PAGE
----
Chinese Man Pleads Guilty to Stealing US Military Aircraft Data

 

Chinese Man Pleads Guilty to Stealing US Military Aircraft Data

In this Sunday, April 17, 2011 file photo, Chinese Air Force crew members inspect a J-20 stealth fighter in Chengdu, in southwest China’s Sichuan province. (Color China Photo via AP, File)

A Chinese man has pleaded guilty in a “years-long” conspiracy to hack into U.S. networks to steal sensitive information, including data on the C-17 cargo plane and fighter jet aircraft, the Justice Department announced Wednesday. Read more of this post

New F-35 Fighter Jet Designs Nearly Stolen by China National

 

New F-35 Fighter Jet Designs Nearly Stolen by China National

The Chinese regime nearly got its hands on new designs for America’s latest fighter jet. New designs that could cut costs in producing the F-35 advanced fighter jet were found in the luggage of a Chinese national who was traveling from New York to China. Read more of this post

Chinese bid for A123 may raise security risks: Senators

A123

WASHINGTON (Reuters) – A Chinese company’s attempt to take over government-backed battery maker A123 raises serious national security concerns, a bipartisan group of lawmakers said this week, adding to growing congressional opposition to the deal.

China’s Wanxiang Group Corp is currently competing with U.S.-based Johnson Controls Inc to buy bankrupt A123, which makes lithium ion batteries for electric cars.

The government must ensure that any sale of A123’s technology, which has also been used by the military and to support the U.S. electrical grid, does not threaten domestic security, the senators said in letter to Treasury Secretary Timothy Geithner, Energy Secretary Steven Chu and other top cabinet officials.

Read more of this post

Fake Chinese parts in US-made arms leave India at risk

New York: India, a big buyer of American arms, is understandably concerned by a key US senate committee report that finds vast numbers of counterfeit Chinese electronic parts are being used in US military equipment. Where does it leave India if suspect parts have crept into US-built aircrafts and missiles it has bought or put on its shopping list? The failure of a single electronic component could put an Indian airman or soldier at risk.

Over a 14-month investigation, the Senate committee’s investigative staff amassed a database with 1,800 cases of counterfeiting involving about 1 million parts. It found that 70 percent of the suspect parts were traced to fly-by-night, unscrupulous Chinese companies who supplied electronics and other computer chips to large US defence manufacturers.

Picture courtesy Boeing
India will acquire ten C-17 Globemaster-III aircrafts from Boeing for $4.1 billion, which will be delivered in 2013.

Defence Minister AK Antony told the Rajya Sabha in a written reply on Wednesday that India was verifying if “faulty spare parts made in China” were used in defence equipment being sold by the US to India.

“There have been media reports in this regard, which are being verified,” Antony said this week.

According to Bloomberg, the US Air Force had in January this year suspended a company called Hong Dark Electronic Trade Co., in Shenzhen (in southern China), from supplying parts to US contractors after it supplied about 84,000 fake components to a middleman, who then sold the suspect electronic parts to Boeing, Lockheed Martin, Raytheon, L-3 Communications, among others.

Bloomberg quoted Air Force Deputy General Counsel Steven Shaw’s memo saying; œMany of the 84,000 electronic parts from Hong Dark have been installed on aircraft such the C-17 transport and helicopters such as the AH-64 Apache and CH-46.”

Given Shaw’s memo, India should double-check what it is paying for when it receives new aircraft. The first of the 10 Boeing C-17 Globemaster III aircraft ordered last year will be delivered to the Indian Air Force in June next year. India is forking over $4.1 billion (Rs 22,960 crore) to buy the US Air Force’s workhorse used extensively in Iraq and Afghanistan, making it the largest defence contract to have been signed by the two governments.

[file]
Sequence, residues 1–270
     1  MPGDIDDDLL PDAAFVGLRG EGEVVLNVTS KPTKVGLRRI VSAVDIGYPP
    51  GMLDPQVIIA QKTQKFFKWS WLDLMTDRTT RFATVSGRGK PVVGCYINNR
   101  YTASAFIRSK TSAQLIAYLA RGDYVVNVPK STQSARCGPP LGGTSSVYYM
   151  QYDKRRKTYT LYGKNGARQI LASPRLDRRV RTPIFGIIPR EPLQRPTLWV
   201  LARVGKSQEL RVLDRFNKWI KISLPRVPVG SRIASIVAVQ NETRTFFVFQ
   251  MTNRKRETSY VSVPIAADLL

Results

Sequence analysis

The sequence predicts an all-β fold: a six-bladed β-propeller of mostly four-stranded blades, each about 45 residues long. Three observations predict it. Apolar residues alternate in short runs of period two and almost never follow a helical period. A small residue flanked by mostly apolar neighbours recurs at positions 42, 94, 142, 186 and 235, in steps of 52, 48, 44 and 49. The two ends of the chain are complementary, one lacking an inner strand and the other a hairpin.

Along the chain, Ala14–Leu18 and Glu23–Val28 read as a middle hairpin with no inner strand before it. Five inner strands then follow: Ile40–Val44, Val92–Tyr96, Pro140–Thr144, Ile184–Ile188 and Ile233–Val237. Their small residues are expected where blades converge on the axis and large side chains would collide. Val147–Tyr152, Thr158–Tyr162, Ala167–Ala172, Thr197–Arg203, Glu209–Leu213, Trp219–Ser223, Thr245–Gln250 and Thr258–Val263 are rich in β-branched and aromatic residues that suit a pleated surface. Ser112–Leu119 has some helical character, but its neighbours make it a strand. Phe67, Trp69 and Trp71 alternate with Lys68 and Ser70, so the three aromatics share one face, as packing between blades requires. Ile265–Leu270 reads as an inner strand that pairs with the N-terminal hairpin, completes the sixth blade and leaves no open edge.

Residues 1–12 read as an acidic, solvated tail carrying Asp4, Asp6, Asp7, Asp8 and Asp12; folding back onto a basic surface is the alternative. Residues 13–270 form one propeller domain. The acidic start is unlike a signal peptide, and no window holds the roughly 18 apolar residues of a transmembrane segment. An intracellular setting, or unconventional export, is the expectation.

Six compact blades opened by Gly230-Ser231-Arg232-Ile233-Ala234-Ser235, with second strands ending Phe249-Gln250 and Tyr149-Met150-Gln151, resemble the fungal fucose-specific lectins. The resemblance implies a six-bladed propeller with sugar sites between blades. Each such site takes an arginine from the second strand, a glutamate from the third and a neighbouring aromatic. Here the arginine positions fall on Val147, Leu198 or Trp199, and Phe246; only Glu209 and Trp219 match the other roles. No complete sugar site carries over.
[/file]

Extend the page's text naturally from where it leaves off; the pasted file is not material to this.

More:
Antony listed some of the other US military equipment India had bought in the last five years. Last year, India purchased an amphibious transport vessel, the USS Trenton (re-christened INS Jalashwa), for nearly $50 million with six-UH-3H helicopters to operate alongside, costing another $49 million.

It also bought Harpoon anti-submarine missiles under a package worth $200 million, and long-range acoustic devices, modern hull penetrating periscopes, side scan sonar, C-130J transport aircraft, sensor-fused weapons, P-8I long range maritime reconnaissance aircraft and quick reaction team boats from the US.

One reason India is beefing up its arsenal is China, which has been expanding its military and modernising its equipment at a tear. This has triggered a simultaneous build-up of advanced weaponry in the Asia-Pacific region on a scale and at a speed not seen since the Cold War arms race between America and the Soviet Union.

India has purchased some $12.7 billion in arms, 80 percent of them from Russia, during 2007-2011, according to the Stockholm International Peace Research Institute (SIPRI). India and the US want to eventually move beyond a seller-buyer relationship to substantial co-production and eventually, high-technology joint research and development of weapons.

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Original Post: http://www.firstpost.com/world/fake-chinese-parts-in-made-in-usa-arms-leave-india-at-risk-414524.html

Engineer gets 32 years for military secrets sale

FILE - In this undated passport photo provided by the Gowadia family, Noshir Gowadia, accused of selling military secrets to China, is shown. Prosecut

AP – FILE - In this undated passport photo provided by the Gowadia family, Noshir Gowadia, accused of selling

HONOLULU – A former B-2 stealth bomber engineer was sentenced to 32 years in prison Monday for selling military secrets to China in the latest of several high-profile cases of Chinese espionage in the U.S.

Chief U.S. District Judge Susan Oki Mollway said Noshir Gowadia, 66, would likely be in his late 80s by the time he is released if he gets credit for good behavior in prison.